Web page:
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Karan Bajaj and The Yoga of Max’s Discontent

Karan BajajA big welcome to Karan Bajaj, #1 bestselling novelist in India of KEEP OFF THE GRASS (HarperCollins: 2008) and JOHNNY GONE DOWN (HarperCollins: 2010) with more than 200,000 copies of his novels in print. He was selected as one of the “Top 35 Under 35 Indian” by India Today and was nominated for all of India’s top literary awards—the Crossword Book of the Year, Indiaplaza Golden Quill and Teacher’s Indian Achievers Awards (Arts).

I first met Karan in April 2016 when he sent me an email requesting a review of his book, THE YOGA OF MAX’S DISCONTENT, which was to be published by Penguin Random House worldwide in May.

After reading the book’s synopsis, I realized that it fit the genre of visionary fiction. So I agreed to do a review. I also took the opportunity to ask Karan to participate in a Q&A for the Visionary Fiction Alliance.

Imagine my surprise, when THE YOGA OF MAX’S DISCONTENT turned out to be a #1 New Release on Amazon in the Metaphysical and Visionary Fiction category.

As of this writing, THE YOGA OF MAX’S DISCONTENT has the Amazon Best Sellers Rank of #22 in the Kindle Store for Metaphysical/Visionary Fiction category. It also has 243 reviews, 90% of them 5-star.

Good going, Karan!

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The Metaphysics of Lucid Dreaming – Visionary Fiction for Kids, Part 2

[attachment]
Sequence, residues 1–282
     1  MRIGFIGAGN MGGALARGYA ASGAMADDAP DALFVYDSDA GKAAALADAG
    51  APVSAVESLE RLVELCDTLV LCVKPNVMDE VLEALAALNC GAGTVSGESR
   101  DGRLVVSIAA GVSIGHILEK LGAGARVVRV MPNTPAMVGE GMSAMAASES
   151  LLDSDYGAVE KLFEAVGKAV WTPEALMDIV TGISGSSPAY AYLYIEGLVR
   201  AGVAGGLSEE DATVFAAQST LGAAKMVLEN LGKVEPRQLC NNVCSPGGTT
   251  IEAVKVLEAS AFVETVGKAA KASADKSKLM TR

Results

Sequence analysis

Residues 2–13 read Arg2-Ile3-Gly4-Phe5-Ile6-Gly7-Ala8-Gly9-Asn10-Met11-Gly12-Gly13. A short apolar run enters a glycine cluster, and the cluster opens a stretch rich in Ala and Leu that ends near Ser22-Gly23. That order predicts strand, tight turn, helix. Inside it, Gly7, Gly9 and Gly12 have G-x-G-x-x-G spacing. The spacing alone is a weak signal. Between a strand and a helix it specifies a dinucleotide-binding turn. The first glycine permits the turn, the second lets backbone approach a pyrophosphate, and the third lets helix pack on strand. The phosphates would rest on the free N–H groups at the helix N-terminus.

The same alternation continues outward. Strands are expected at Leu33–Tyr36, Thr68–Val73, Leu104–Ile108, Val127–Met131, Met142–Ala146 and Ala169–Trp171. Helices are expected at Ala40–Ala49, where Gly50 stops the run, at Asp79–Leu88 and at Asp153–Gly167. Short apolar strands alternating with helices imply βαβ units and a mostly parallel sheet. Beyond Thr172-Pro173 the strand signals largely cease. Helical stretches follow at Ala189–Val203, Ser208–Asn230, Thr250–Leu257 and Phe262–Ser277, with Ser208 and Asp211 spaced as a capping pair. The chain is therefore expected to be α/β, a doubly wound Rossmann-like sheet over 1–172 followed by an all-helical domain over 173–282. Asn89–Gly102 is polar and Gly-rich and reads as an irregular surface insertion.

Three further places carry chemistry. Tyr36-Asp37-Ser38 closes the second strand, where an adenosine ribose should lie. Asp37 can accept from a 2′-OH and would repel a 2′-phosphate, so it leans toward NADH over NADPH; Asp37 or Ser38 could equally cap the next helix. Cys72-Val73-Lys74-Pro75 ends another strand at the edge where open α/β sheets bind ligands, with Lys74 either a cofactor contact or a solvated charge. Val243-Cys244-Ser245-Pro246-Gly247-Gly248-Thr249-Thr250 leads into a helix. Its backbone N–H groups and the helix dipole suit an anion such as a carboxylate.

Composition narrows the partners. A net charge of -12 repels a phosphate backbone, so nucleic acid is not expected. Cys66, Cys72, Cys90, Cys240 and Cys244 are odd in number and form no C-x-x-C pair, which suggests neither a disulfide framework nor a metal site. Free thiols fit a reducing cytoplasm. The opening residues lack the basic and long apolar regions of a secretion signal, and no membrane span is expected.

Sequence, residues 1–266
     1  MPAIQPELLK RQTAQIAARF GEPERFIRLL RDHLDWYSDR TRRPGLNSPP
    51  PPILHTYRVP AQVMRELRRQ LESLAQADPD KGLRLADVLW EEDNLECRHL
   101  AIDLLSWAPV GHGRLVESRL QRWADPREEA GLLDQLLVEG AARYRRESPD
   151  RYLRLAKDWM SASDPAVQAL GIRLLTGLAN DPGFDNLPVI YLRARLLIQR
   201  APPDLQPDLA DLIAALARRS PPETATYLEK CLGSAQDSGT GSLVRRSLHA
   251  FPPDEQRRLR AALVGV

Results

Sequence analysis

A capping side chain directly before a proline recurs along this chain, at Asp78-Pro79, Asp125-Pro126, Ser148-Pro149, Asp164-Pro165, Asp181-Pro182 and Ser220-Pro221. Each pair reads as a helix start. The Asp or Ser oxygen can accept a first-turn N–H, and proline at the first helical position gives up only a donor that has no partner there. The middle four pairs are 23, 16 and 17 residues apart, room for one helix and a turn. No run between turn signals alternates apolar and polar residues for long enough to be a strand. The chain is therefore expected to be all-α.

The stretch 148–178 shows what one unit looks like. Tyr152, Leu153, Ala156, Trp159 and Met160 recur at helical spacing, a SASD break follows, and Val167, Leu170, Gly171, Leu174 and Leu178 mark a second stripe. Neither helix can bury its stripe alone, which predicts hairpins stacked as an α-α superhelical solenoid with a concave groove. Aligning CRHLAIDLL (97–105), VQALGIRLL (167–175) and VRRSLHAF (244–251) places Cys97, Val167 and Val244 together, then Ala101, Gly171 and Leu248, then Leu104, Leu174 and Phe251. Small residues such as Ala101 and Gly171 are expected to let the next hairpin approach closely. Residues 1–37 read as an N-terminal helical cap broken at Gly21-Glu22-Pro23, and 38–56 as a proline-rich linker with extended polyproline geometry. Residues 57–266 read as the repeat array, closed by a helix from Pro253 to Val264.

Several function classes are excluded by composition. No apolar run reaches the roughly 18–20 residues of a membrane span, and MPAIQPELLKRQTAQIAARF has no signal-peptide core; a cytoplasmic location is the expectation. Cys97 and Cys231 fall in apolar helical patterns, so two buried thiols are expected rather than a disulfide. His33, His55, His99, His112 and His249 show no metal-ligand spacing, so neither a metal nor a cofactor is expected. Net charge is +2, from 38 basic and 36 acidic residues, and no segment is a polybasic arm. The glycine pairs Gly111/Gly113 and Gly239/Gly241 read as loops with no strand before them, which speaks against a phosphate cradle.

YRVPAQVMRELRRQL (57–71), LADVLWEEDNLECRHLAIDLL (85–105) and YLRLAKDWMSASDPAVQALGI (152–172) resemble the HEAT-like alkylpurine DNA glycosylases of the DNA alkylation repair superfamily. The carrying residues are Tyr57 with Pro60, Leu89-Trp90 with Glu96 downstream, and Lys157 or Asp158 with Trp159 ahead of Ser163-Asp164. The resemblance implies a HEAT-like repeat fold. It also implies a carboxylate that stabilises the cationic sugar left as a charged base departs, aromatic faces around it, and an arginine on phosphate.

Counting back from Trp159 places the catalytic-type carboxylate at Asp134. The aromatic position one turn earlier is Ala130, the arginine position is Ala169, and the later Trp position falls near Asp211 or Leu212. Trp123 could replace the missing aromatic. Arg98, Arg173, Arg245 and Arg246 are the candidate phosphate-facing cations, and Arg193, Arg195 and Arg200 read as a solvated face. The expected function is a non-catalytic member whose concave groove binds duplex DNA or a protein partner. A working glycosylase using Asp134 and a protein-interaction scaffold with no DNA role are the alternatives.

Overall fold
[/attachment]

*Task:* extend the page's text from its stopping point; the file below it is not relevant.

The Metaphysics of Lucid Dreaming – Visionary Fiction for Kids
by Brandon Bosse

The Dreams of Phillip AislingPart 2

First, I want to wholeheartedly thank the VFA for the opportunity to share my story and ideas. I am grateful to be able to share my passion. Thank you to my fellow VFA members for the kind words in response to Part 1 of this blog post. If you haven’t read Part 1 yet, I recommend starting there.

Visionary Fiction for Kids

Kids are naturally curious about the world. With the Internet at their fingertips, they are even more informed about the way the world works than any generation before. I think that teens crave new ideas and a deeper understanding of the world around us. That is why I think that young readers are up to the challenge of understanding such complex concepts presented in The Dreams of Phillip Aisling and the Numinous Nagwaagan. I hope that I’ve been successful at taking these concepts and presenting them in an entertaining way.